Since COVID-19 hit these shores last year, the government has implemented temporary measures to protect commercial tenants from having their leases forfeited or being forced into insolvency where they have been unable to pay rent as result of the pandemic on...
Taking too much away - A tenant's failure to deliver vacant possession
There are numerous cases concerning a tenant failing to deliver vacant possession due to leaving behind fixtures and fittings. In contrast, the High Court’s recent decision in Capitol Park Leeds Plc v Global Radio Services Limited  EWHC 2750 (Ch) concerns a tenant who took the opposite approach, taking too much from the premises.
Global Radio Services Limited (‘Global’) was the tenant of a three storey commercial unit in Leeds. Having decided they no longer required the unit, Global served notice to exercise the break clause under their lease. The break was conditional on the tenant giving vacant possession of the premises at the break date, with the premises being defined to include, ‘all fixtures and fitting at the Premises whenever fixed, except those which are generally regarded as tenant’s or trade fixtures and fittings’.
In the period between serving notice and the break date, Global began remedial works to the premises as part of their reinstatement obligation under the lease. This involved stripping out seventeen of the landlord’s original fixtures and fittings, including radiators, fan coil units, ventilation duct work and window sills. Global’s intention was to replace these items however they later stopped the works to pursue a financial settlement with the landlord, in lieu of the outstanding works.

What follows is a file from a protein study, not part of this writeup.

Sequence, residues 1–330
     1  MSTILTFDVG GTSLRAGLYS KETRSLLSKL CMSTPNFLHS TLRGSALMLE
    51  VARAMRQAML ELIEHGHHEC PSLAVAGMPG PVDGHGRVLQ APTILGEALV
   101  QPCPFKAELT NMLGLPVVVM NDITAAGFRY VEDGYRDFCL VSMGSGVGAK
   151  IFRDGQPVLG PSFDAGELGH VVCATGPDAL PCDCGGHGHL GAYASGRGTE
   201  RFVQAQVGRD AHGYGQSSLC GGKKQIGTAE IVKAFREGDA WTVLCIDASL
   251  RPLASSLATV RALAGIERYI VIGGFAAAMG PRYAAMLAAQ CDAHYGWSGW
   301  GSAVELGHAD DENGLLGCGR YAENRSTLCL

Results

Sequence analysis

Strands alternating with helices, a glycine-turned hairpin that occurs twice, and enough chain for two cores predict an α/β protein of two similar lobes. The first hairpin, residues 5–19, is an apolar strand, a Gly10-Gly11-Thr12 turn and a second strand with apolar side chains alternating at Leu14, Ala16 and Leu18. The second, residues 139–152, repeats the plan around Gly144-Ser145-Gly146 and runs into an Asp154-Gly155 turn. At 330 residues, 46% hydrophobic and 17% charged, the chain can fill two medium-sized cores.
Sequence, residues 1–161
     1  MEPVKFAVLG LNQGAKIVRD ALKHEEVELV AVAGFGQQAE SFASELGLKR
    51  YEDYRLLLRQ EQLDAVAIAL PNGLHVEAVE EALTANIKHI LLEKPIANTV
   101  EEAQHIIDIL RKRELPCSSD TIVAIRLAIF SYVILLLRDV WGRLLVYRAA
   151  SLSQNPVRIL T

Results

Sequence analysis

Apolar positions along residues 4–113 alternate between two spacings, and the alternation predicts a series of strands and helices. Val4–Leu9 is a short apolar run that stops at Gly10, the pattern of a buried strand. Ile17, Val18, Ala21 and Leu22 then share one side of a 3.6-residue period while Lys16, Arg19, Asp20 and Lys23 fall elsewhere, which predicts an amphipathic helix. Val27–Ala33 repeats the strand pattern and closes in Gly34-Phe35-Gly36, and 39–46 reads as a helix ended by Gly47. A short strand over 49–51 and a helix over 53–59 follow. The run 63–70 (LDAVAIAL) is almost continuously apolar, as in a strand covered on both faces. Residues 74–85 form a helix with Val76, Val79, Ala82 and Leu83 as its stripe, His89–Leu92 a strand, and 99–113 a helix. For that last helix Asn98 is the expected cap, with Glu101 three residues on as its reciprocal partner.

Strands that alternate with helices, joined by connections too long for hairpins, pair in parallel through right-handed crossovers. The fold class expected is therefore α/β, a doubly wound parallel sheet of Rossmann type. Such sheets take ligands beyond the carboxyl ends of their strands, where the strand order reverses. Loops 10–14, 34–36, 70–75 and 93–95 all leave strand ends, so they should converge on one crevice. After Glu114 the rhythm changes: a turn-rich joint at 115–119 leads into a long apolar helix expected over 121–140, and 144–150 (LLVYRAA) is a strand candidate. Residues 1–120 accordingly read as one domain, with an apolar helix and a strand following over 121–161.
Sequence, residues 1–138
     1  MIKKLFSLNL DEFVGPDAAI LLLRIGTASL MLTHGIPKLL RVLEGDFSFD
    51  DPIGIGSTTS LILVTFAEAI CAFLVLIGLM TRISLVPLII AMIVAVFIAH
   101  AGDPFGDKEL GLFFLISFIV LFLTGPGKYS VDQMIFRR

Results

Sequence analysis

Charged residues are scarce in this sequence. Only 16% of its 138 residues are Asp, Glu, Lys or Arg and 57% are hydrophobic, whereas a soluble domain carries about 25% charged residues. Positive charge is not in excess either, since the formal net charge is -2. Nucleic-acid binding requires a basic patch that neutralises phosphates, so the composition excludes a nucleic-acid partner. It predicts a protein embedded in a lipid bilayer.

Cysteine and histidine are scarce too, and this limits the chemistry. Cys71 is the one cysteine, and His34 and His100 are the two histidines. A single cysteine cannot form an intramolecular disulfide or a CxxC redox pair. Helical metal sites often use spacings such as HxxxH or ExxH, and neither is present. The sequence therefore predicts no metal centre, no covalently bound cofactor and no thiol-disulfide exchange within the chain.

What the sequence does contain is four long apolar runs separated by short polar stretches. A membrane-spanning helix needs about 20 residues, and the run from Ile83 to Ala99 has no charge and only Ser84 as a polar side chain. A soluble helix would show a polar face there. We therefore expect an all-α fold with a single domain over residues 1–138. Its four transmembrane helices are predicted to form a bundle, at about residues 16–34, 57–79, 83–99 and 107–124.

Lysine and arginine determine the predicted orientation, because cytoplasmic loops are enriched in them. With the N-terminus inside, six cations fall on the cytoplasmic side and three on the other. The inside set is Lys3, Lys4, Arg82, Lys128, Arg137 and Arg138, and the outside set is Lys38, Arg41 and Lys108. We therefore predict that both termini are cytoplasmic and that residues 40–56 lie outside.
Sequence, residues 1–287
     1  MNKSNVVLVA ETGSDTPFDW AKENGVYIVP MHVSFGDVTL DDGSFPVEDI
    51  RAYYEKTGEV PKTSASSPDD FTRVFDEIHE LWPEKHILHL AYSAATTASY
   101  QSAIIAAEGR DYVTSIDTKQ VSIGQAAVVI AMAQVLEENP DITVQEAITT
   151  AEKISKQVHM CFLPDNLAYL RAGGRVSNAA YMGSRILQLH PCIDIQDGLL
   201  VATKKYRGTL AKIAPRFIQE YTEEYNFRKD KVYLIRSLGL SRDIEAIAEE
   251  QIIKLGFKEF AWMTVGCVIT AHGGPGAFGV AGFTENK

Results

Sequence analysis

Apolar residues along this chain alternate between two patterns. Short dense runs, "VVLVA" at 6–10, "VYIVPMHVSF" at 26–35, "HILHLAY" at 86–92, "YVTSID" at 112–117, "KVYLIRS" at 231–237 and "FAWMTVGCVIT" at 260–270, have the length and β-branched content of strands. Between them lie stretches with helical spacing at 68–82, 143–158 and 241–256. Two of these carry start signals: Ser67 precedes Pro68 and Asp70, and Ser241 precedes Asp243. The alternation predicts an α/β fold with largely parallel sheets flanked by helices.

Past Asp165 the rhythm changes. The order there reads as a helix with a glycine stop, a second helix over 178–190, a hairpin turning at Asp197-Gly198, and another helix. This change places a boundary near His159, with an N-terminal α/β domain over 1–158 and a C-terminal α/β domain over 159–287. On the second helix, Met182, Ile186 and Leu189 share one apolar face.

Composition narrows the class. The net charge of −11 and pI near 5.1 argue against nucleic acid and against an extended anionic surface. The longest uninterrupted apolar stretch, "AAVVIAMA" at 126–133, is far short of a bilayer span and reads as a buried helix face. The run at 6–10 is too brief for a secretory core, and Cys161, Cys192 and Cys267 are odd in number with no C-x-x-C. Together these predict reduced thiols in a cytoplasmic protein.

Unfortunately, negotiations broke down, time ran out and when the break date arrived, the removed items had not been replaced.
The case centred on whether the removal of the landlord’s fixtures and fittings resulted in Global failing to deliver vacant possession of the premises. The landlord argued what the tenant gave back was substantially less of the premises, as defined in the lease.
The tenant acknowledged the removal of the fixtures and fittings was a breach of their repair obligation but argued this was separate to the break clause requirements and should be dealt with as a dilapidations claim.
The court decided there had been no vacant possession. The decision largely rested on the definition of the premises under the lease. The inclusion of the words ‘all fixtures and fittings at the Premises’ was a way of ensuring, at the break date, the premises was not handed back as an empty shell that was both ‘dysfunctional and unoccupiable’.
The physical condition Global handed back the premises in, without the essential fixtures and fittings, had created a substantial interference with the landlord’s use and enjoyment of the premises that did not meet the requirements of vacant possession.
Implications for tenants
While this is an exceptional case, it demonstrates the need to ensure strict compliance with break conditions and the difficulties that can arise when exercising a break clause conditional on vacant possession.
As a precaution, tenants may wish to consider the following prior to entering a lease: